The Story of Dalal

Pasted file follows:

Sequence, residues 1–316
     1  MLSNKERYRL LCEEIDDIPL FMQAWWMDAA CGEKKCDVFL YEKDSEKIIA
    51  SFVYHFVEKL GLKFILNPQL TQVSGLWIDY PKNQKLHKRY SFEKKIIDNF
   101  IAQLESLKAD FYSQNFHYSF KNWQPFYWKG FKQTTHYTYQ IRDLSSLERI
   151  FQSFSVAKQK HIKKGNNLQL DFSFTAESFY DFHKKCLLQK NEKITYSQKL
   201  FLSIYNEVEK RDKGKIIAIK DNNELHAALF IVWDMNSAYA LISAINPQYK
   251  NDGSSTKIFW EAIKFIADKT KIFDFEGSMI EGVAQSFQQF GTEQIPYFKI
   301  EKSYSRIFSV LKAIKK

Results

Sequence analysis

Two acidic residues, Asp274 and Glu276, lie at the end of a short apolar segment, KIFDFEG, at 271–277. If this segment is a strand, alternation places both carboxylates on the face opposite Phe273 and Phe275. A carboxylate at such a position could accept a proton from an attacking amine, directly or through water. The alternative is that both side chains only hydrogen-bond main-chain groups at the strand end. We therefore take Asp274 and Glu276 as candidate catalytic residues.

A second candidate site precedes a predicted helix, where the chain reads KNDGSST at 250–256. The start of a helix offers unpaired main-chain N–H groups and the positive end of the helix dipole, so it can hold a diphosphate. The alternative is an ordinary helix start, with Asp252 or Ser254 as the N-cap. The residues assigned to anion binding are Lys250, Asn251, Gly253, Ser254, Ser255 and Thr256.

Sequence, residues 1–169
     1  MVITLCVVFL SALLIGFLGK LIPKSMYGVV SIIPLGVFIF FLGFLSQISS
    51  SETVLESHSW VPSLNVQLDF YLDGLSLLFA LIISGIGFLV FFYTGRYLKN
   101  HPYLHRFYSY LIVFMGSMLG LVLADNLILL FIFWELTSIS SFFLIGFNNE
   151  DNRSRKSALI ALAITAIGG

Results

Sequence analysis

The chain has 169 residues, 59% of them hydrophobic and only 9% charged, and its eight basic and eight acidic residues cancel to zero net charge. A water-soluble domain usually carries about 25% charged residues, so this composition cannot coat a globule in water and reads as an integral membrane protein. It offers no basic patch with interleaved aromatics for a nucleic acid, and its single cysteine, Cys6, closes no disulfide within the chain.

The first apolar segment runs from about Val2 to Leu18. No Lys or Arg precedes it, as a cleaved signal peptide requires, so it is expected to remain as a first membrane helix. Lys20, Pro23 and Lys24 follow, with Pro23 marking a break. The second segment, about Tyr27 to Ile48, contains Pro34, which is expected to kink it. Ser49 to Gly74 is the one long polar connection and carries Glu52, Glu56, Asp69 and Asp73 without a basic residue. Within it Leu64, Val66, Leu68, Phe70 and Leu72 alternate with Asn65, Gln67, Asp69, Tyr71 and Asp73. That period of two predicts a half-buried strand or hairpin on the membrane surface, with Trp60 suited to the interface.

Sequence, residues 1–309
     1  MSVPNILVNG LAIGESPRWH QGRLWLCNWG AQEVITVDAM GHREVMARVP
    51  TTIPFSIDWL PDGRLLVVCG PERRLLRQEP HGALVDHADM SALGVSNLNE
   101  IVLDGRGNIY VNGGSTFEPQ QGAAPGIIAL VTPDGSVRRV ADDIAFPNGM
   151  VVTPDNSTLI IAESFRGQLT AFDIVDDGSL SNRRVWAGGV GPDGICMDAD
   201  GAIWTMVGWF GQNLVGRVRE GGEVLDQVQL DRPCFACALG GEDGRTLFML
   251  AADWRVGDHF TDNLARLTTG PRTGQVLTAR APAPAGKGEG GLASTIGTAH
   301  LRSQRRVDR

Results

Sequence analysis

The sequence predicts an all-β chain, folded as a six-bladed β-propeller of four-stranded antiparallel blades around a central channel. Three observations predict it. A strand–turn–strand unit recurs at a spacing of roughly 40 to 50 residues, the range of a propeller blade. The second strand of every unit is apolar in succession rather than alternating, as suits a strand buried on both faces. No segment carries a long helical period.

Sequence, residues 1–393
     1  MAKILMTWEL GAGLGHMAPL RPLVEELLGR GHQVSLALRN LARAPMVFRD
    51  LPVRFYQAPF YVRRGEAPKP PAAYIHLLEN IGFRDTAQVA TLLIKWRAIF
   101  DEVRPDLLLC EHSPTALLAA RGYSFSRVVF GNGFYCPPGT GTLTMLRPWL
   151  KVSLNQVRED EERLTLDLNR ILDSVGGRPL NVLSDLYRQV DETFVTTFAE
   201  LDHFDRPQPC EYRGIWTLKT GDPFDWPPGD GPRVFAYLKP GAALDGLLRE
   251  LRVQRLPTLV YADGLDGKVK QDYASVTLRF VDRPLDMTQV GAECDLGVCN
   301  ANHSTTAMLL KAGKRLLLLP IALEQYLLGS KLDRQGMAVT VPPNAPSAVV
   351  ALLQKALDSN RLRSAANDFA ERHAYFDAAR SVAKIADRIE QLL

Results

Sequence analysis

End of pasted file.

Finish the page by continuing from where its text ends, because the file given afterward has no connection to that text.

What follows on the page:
When the mighty men came back from faraway places, they were strangers in their own homes. They were catered to and kept in the dark. At some point the fathers had to be brought in, implicated if you will, in the deeds of their sons and their daughters, but until that day dawned, until a daughter’s transgressions became too public a matter to be ignored, or a son’s ways could no longer be indulged, the men were pampered and left ignorant. In the dark hours, when a reckoning could no longer be avoided, when the code of the place had been stretched to the breaking point, the women had to do things of great cruelty. It was their burden, their task. “She is the sister of men” was the highest compliment paid a woman who had to keep the world intact. To the women fell the task of smuggling diamonds from Sierra Leone because the skilled man of affairs who insisted that the high officials of the customs office were in his back pocket had gotten himself deported out of the country. The women were the ones who kept the constituents of a member of Parliament from finally having it out with him. They were the ones who prepared their sons for the duel and who stiffened their backs, reminded them of the hidden defects and capricious ways of their fathers. And it was their responsibility, of course, to keep the daughters in line. It was but a short distance from the daughter’s conduct, after all, to the mother herself. Better grieve for a daughter than play havoc with the order of things. This is the way things were understood here. It happened among us that a woman of radiant strength had to “do something” about one of our daughters.

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